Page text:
Yes, there are times that  we are like the people to whom the Letter to the Hebrews was addressed. These people were third or fourth generation Christians.  They had been taught the faith, but now were being challenged by the evil forces wishing to destroy the faith.  They were afraid that they were going to be put to death like Peter and the disciples who had already been killed, or like Paul, Justin,  and the early leaders of the Christian Church. Those who didn’t fear death, certainly feared economic repercussions.  No one would have any dealing with them except other Christians. Soon, they would not be able to earn a living. They were in full “woe is me” mode when they received this Letter from God, the Letter to the Hebrews.  “Lift up your drooping hands and shore up your knocking knees,” they are told in Hebrews 12.  There is infinitely more to life than the here and now.  They needed to stand straight and remain committed to Jesus Christ.

 

            And when our spiritual arms start drooping and our spiritual knees start to knock, we need to stand firm for the Lord.   When we hurt too badly to pray, then we need to make our hurt our prayer.  When we are afraid of being excluded from

our peers because we live by the moral code of sacrificial love, then we need to love them better with the Love of the Lord. We Christians, we Catholics, are not just insignificant entities  among God’s creation.  For, as Hebrews says, we have been called to Mount Zion and the city of the living God, the heavenly Jerusalem, and countless angels in festal gathering, and the assembly of the firstborn enrolled in heaven, and God the judge of all, and the spirits of the just made perfect, and Jesus, the mediator of a new covenant, and the sprinkled blood that speaks more eloquently than that of Abel.  Abel’s blood called out to God for vengeance against Cain.  Jesus’ blood calls out for mercy for His people.  This world is imperfect.  Our lives are imperfect.  But the Perfect is waiting for us. There is so much more waiting for us.  There is so much more than the senses can reveal.  “Life is worth living,” to quote the great Bishop Fulton J. Sheen, Life is worth living when it is lived for Christ.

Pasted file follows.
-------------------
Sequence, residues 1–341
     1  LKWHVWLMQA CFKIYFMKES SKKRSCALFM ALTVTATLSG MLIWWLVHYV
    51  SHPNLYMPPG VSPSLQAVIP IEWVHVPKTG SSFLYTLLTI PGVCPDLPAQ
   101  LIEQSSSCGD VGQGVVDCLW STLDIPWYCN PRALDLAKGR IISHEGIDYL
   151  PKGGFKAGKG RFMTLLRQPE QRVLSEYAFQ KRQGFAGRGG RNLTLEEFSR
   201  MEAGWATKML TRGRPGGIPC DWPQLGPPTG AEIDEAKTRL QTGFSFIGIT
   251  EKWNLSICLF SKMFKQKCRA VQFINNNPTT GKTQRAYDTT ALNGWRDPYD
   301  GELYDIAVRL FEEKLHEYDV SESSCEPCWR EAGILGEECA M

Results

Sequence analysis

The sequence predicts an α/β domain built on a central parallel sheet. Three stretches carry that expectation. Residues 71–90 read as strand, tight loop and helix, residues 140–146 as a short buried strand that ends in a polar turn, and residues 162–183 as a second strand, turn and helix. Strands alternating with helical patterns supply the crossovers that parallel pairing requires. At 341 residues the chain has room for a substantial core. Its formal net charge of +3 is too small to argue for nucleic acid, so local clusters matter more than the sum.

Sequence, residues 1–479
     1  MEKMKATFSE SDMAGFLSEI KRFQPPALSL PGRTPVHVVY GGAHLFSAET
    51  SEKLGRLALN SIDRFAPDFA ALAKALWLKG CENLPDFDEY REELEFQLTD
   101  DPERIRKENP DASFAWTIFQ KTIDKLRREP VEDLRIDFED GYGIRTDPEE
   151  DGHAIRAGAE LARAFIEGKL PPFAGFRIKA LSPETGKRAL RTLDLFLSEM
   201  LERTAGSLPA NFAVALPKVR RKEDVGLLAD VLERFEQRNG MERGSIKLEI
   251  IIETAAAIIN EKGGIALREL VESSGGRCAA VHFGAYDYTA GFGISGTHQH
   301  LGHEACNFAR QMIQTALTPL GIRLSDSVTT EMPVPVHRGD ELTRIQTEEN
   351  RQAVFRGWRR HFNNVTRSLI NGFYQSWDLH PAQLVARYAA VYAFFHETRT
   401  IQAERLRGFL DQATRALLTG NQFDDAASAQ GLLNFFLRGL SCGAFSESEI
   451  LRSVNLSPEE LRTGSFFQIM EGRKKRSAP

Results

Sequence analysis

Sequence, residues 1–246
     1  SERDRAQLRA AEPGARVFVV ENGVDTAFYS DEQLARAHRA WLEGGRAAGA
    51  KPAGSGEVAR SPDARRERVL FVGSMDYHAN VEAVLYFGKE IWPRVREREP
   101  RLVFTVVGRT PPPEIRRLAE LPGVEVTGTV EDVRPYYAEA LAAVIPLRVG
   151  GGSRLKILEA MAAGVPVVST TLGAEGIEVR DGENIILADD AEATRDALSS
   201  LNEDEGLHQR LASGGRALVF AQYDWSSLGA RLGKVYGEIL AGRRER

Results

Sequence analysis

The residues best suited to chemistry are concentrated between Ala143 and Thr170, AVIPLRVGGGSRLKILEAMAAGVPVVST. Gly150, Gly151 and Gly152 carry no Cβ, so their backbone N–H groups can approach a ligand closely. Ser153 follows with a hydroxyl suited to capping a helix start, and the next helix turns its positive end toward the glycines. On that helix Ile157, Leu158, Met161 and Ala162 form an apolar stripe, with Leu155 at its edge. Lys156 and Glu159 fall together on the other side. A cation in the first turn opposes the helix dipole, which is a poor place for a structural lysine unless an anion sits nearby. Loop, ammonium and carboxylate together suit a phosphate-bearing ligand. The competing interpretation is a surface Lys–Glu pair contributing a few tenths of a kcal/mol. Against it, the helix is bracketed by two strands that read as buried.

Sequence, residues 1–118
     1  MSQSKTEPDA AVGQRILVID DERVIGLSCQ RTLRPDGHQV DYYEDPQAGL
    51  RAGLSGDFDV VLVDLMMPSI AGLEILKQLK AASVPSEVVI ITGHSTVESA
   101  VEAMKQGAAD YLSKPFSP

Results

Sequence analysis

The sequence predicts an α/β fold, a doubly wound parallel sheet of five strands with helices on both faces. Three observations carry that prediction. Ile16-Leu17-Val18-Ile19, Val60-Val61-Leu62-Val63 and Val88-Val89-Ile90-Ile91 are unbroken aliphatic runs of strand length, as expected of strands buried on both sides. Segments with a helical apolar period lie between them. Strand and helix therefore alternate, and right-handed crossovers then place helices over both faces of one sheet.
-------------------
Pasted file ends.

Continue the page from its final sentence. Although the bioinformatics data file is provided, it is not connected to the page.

The flowers, the candles, the music, and all the Easter appointments are symbols of the Life worth Living.  They are symbols that the world has been transformed by the Power of the Cross.  There is hope in the world.  That Hope is Jesus Christ.

            Rich or poor, hurting or healthy, no matter what our present situation may be, we need to keep our focus solidly on the Lord.  We have to stop defining ourselves by what we have or by what we do.  We need to be defined by whom we are. We are Christian. And what does that mean?  That means that we are consumed by God. The Hebrews are reminded, “Our God is a consuming fire.”   He engages every aspect of our existence. We cannot allow ourselves to become disjointed.  We cannot allow ourselves to be hypocrites,  Christians here and pagans there.  Everything about our lives belongs to the Lord.  Every attitude of our lives must reflect His Love and His Presence.  We must be completely engulfed by the Love of the Lord.  Everything that matters in life reflects His Love.  All that is worthwhile comes from Him and returns to Him. 

 

            We need God.  Life is chaos without him.  But with God there are no limits to our ability to love.  This is our Christian dignity!  We are followers of Christ and sharers of His resurrected life through our personal acceptance of this life, our baptism. We possess Jesus Christ. We have the source of life that can never be taken from us.

 

            The Power of the Cross has transformed the world, beginning with us and then reaching through us to all who are seeking meaning in life.   Others need to experience our joy, our hope, our faith, our Lord.

 

            "Alleluia!" we proclaim today as Church.  “Alleluia, praise the Lord.  Jesus is alive.  He is our Savior.  He is our Redeemer.  And He is ours. And whatever life throws at us, well, that we give to Him.

 

            For the Power of the Cross conquers all.